left]
\tikzstyle{thickbentedge}=[ultra
thick,
bend
left]
\Edge[label=g,style=bentedge](B)(E)
\Edge[label=h,style=bentedge](E)(B)
\SetUpEdge[style={ultra
thick}, color=red]
\pause
\only<+->{\Edge[label=a](A)(B)}
\only<+->{\Edge[label=g,style=thickbentedge](B)(E)}
\only<+->{\Edge[label=d](D)(E)}
\only<+->{\Edge[label=c](C)(D)}
\only<+->{\Edge[label=b](B)(C)}
\only<+->{\Edge[label=h,style=thickbentedge](E)(B)}
\only<+->{\Edge[label=e](E)(F)}
\only<+->{\Edge[label=f](F)(A)}
\end{tikzpicture}}
\end{frame}

\begin{frame}
\centerline{%
\begin{tikzpicture}
\SetGraphUnit{2}
\GraphInit[vstyle=Normal]
\Vertex{A}
\EA(A){B}
\EA(B){C}
\SO(C){D}
\SO(B){E}
\SO(A){F}
\Edge(A)(B)
\Edge(B)(C)
\Edge(C)(D)
\Edge(D)(E)
\Edge(E)(F)
\Edge(F)(A)
\tikzstyle{bentedge}=[bend
left]
\tikzstyle{thickbentedge}=[ultra
thick, bend left]
\Edge[style=bentedge](B)(E)
\Edge[style=bentedge](E)(B)
\SetUpEdge[style={ultra
thick}, color=red]
\pause
\only<+->{\Edge(A)(B)}
\only<+->{\Edge[style=thickbentedge](B)(E)}
\only<+->{\Edge(D)(E)}
\only<+->{\Edge(C)(D)}
\only<+->{\Edge(B)(C)}
\only<+->{\Edge[style=thickbentedge](E)(B)}
\only<+->{\Edge(E)(F)}
\only<+->{\Edge(F)(A)}
\end{tikzpicture}}
\end{frame}
\end{document}


Another example with a directed graph:

\documentclass{beamer}
\usepackage{tkz-graph}

\begin{document}
\begin{frame}
\frametitle{Camping Example:}
\begin{columns}
\begin{column}{.5\textwidth}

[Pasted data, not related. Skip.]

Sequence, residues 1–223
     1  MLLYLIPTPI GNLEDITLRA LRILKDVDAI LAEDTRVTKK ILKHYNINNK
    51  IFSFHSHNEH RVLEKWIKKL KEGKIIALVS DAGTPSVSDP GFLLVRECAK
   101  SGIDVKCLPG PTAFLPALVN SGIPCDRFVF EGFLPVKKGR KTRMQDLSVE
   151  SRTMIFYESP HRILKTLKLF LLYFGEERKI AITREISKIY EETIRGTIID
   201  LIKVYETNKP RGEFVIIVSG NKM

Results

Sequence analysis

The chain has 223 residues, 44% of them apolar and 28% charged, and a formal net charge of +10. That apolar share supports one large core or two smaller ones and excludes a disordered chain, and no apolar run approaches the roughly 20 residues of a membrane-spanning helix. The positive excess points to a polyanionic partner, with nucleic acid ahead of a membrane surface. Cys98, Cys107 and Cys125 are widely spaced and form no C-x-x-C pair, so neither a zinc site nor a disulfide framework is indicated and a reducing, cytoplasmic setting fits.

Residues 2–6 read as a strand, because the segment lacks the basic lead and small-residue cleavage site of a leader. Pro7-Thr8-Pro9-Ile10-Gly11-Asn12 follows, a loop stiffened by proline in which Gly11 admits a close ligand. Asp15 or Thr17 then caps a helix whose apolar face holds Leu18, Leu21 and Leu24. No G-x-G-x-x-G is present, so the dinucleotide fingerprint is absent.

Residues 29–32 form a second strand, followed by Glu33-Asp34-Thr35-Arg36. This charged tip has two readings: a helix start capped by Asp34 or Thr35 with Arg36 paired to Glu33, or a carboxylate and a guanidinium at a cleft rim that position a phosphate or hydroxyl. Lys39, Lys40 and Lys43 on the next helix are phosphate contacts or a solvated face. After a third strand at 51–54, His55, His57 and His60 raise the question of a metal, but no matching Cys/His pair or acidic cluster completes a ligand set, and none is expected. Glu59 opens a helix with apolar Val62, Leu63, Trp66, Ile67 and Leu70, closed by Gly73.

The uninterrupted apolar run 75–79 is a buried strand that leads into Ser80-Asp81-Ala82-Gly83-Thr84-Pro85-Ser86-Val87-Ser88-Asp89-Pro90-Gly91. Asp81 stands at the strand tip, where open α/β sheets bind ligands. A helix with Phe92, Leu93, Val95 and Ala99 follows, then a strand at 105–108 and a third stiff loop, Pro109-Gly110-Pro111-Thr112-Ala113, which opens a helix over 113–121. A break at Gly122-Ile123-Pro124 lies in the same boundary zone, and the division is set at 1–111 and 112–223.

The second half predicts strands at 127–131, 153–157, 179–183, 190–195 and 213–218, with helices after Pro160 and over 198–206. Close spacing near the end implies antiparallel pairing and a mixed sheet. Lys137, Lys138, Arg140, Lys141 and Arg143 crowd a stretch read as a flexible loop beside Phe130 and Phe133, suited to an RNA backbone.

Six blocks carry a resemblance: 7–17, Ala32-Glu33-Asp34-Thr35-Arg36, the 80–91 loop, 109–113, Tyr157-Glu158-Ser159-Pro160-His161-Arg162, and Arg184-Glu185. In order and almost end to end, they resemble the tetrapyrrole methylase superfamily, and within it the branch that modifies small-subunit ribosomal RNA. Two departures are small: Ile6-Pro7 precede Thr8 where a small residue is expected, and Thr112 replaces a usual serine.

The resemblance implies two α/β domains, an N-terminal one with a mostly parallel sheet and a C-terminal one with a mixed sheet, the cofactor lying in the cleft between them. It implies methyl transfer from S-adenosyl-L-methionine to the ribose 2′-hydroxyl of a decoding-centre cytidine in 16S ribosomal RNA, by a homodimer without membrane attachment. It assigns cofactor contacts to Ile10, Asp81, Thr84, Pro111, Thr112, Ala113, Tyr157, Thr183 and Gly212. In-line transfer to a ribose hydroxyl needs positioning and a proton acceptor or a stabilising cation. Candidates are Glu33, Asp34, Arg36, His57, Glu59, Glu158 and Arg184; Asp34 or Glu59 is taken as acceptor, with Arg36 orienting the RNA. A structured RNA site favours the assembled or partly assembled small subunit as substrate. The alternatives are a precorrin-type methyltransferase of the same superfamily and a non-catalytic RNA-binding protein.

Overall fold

\begin{description}
\item<alert@2>[$T_1$:]  Buy matches: 10 minutes
\item<alert@3>[$T_2$:]  Collect firewood: 8 minutes
\item<alert@4>[$T_3$:]  Light the fire: 6 minutes
\item<alert@5>[$T_4$:]  Get water: 12 minutes
\item<alert@6>[$T_5$:]  Cook soup: 15 minutes
\item<alert@7>[$T_6$:]  Make patties: 9 minutes
\item<alert@8>[$T_7$:]  Cook patties: 7 minutes
\end{description}
\end{column}
\begin{column}{.5\textwidth}
\begin{tikzpicture}[scale=.7]
\SetGraphUnit{2.7}
\GraphInit[vstyle=Normal]
\tikzset{EdgeStyle/.style = {->}}
\uncover<2->{
\Vertex[L=10]{a}
\node[above] at (a.90) {$T_1$};
}
\uncover<3->{
\SO[L=8](a){b}
\node[above] at (b.90) {$T_2$};
}
\uncover<4->{
\EA[L=6](b){c}
\node[above] at (c.90) {$T_3$};
\Edge(a)(c)
\Edge(b)(c)
}
\uncover<5->{
\SO[L=12](b){d}
\node[above] at (d.90) {$T_4$};
}
\uncover<6->{
\EA[L=15](c){e}
\node[above] at (e.90) {$T_5$};
\Edge(c)(e)
\Edge(d)(e)
}
\uncover<7->{
\SO[L=12](d){f}
\node[above] at (f.90) {$T_6$};
}
\uncover<8->{
\SO[L=7](e){g}
\node[above] at (g.90) {$T_7$};
\Edge(c)(g)
\Edge(f)(g)
}
\end{tikzpicture}
\end{column}
\end{columns}
\end{frame}
\end{document}


A good tool for manually creating graphs in a pdf and eps format that you can insert into your Beamer presentation is the Ipe graphics editor. You can easily create a multi-page pdf in which you build or color a graph incrementally, and insert the pages info your document as described in the Beamer manual.

Another tool that will make it easier to create graph in tikz for inclusion into your Beamer presentation is tikzit.

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You could use tkz-graph.sty and tkz-berge.sty, which are build in top of tikz. I have some examples with code in my blog: Graph Theory in LaTeX. For example: